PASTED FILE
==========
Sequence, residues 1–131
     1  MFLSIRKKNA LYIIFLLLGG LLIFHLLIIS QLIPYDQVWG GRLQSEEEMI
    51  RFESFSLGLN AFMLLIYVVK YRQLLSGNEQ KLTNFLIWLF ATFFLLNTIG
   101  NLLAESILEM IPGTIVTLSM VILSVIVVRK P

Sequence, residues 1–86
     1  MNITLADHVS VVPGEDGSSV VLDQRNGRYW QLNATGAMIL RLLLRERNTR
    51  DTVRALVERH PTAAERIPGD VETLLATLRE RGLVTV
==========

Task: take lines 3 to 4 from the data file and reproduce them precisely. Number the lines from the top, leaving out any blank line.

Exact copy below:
    51  RFESFSLGLN AFMLLIYVVK YRQLLSGNEQ KLTNFLIWLF ATFFLLNTIG
   101  NLLAESILEM IPGTIVTLSM VILSVIVVRK P